Jordan was instrumental in crafting the media conglomerate that became the CBS of today as its chairman and chief executive. As the top executive at Westinghouse Electric Corp., he engineered the acquisition of CBS in 1995. He later shed Westinghouse's industrial businesses and kept the media business. Viacom Inc. bought CBS in 1999, but they parted ways seven years later.
At CBS, Jordan turned the company around after years of losses by cobbling together a media enterprise that upon his departure in 1998 had the No. 2-rated TV network, more than 155 radio stations, 14 TV stations and cable networks.
Born in Kansas City, Mo., on June 15, 1936, Jordan received chemical engineering degrees at Yale and Princeton universities before serving in the U.S. Navy from 1960 to 1964.
Early in his career, Jordan was a consultant and principal at McKinsey & Co. He would later hold various executive positions at PepsiCo before retiring in 1992 as chairman and CEO of its international foods and beverages division.
He did not stay retired for long. Shortly after leaving PepsiCo, he joined private investment firm Clayton, Dubilier & Rice Inc.
He joined Westinghouse Electric in 1993 and two years later bought what was then called CBS Inc. for $5.4 billion. Jordan retired as CBS chairman and chief executive in 1998, became a private investor and wrote a mystery novel.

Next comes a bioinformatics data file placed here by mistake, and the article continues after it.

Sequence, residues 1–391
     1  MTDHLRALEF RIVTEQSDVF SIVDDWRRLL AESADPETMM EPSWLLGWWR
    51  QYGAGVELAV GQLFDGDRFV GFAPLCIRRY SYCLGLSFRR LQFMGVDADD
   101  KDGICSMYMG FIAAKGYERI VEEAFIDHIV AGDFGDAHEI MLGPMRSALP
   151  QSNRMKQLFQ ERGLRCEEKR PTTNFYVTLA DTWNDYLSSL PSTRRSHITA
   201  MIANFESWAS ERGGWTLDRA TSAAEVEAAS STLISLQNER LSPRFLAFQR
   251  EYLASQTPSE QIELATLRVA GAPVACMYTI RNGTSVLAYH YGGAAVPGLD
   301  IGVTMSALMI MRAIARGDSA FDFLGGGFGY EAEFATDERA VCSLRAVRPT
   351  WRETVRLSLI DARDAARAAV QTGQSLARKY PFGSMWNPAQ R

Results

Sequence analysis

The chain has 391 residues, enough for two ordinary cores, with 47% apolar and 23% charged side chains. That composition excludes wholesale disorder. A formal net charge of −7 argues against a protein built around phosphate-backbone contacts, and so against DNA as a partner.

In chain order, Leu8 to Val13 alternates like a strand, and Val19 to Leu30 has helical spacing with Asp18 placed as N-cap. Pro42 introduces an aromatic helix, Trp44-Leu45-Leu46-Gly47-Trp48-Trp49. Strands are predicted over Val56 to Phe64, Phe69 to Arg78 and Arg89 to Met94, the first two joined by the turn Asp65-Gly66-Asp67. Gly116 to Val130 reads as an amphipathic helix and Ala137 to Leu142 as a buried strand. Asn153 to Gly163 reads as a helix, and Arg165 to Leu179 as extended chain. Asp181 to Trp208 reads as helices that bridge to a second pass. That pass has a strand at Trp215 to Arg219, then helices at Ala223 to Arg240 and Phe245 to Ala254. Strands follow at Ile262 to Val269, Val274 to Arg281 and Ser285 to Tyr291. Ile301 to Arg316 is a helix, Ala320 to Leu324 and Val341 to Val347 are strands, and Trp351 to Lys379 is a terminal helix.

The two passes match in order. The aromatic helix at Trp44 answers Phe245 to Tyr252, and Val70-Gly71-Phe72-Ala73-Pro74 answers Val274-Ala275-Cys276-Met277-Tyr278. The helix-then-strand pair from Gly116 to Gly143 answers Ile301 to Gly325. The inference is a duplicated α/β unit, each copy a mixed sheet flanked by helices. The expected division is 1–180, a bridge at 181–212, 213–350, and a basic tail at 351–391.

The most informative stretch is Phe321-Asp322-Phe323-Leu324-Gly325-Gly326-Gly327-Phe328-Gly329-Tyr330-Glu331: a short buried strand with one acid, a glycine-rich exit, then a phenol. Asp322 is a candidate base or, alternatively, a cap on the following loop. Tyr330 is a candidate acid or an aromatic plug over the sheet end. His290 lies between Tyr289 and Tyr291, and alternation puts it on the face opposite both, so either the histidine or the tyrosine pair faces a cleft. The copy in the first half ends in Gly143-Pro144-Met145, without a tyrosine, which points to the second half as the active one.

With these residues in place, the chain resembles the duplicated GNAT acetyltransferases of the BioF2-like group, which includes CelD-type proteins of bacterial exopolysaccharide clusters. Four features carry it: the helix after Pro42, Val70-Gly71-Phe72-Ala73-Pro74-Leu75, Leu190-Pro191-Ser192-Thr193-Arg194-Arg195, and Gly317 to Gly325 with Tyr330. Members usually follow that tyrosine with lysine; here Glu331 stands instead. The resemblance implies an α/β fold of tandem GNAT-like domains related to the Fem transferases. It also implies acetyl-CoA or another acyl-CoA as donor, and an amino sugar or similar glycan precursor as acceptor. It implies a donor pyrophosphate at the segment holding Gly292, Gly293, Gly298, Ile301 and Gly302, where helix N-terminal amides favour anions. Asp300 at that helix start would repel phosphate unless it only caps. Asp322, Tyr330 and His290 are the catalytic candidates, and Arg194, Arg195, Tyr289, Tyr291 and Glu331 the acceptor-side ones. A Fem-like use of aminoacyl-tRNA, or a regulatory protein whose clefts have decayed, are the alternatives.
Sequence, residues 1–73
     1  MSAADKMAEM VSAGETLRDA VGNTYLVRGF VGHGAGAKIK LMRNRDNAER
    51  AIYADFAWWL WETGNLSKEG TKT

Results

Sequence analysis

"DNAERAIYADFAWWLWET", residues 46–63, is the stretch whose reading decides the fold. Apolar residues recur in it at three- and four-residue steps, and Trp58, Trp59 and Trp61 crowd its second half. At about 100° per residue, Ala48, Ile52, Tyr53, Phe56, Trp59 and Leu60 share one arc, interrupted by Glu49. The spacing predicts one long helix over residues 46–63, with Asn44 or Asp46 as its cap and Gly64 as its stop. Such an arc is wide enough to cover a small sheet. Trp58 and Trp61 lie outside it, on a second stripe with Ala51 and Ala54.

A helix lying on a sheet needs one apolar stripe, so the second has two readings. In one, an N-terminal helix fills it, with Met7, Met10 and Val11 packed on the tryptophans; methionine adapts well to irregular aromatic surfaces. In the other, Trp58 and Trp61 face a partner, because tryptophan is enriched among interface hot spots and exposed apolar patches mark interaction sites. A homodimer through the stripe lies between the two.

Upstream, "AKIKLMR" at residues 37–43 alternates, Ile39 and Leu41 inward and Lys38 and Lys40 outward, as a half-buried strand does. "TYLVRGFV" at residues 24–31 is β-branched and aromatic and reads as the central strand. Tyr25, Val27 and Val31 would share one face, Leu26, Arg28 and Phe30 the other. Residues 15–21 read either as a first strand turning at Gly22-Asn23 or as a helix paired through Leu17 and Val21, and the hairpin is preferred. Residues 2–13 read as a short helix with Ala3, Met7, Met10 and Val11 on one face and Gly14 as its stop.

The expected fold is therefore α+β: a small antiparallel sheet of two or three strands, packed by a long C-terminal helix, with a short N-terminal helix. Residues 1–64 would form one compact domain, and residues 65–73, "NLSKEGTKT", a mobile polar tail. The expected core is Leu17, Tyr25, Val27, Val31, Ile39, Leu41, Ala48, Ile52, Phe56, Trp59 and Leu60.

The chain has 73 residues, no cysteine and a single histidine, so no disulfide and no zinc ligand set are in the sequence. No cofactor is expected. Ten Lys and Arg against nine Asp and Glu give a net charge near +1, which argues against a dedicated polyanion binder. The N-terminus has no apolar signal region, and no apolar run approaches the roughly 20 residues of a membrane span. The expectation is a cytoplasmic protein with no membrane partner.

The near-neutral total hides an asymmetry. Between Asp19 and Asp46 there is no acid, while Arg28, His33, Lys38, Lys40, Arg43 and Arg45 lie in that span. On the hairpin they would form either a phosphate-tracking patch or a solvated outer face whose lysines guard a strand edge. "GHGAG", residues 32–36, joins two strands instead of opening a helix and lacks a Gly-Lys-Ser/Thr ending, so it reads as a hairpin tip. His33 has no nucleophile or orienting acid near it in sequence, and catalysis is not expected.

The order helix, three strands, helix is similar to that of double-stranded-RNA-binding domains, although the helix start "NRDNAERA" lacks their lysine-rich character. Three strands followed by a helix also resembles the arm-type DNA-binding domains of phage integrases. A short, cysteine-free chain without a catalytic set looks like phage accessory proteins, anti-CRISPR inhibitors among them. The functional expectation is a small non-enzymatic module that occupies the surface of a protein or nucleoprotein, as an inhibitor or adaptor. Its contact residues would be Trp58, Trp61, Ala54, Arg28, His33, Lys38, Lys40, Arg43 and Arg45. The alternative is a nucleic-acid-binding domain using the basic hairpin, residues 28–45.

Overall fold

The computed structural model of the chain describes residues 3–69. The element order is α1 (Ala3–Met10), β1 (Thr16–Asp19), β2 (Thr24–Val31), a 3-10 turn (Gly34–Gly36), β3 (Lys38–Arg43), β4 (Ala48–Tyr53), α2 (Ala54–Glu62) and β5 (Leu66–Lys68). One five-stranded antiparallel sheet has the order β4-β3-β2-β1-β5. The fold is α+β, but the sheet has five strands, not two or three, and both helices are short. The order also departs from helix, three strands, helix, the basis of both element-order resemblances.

In 2003, Jordan was coaxed out of retirement to turn around Electronic Data Systems, a software and networking company based in Plano, Texas, as chairman and chief executive. He stepped down in 2007 but remained chairman emeritus until Hewlett-Packard bought EDS a year later.
Jordan sometimes had to make clear that he was not the basketball-playing Michael Jordan.
"We do get calls at 3 in the morning from people who want to speak to the real Michael Jordan," his first wife, Kim, told the Dallas Morning News in 1995.
Jordan is survived by his second wife, Hilary Cecil-Jordan; four children, including two from his first marriage; and six grandchildren.